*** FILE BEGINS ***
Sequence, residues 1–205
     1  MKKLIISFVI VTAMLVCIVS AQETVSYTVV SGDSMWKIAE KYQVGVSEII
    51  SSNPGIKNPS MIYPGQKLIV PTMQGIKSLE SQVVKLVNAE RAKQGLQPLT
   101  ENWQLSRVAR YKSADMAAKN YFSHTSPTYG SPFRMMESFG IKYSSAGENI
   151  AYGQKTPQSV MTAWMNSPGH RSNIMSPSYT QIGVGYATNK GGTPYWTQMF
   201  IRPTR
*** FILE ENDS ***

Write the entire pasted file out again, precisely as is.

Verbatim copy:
Sequence, residues 1–205
     1  MKKLIISFVI VTAMLVCIVS AQETVSYTVV SGDSMWKIAE KYQVGVSEII
    51  SSNPGIKNPS MIYPGQKLIV PTMQGIKSLE SQVVKLVNAE RAKQGLQPLT
   101  ENWQLSRVAR YKSADMAAKN YFSHTSPTYG SPFRMMESFG IKYSSAGENI
   151  AYGQKTPQSV MTAWMNSPGH RSNIMSPSYT QIGVGYATNK GGTPYWTQMF
   201  IRPTR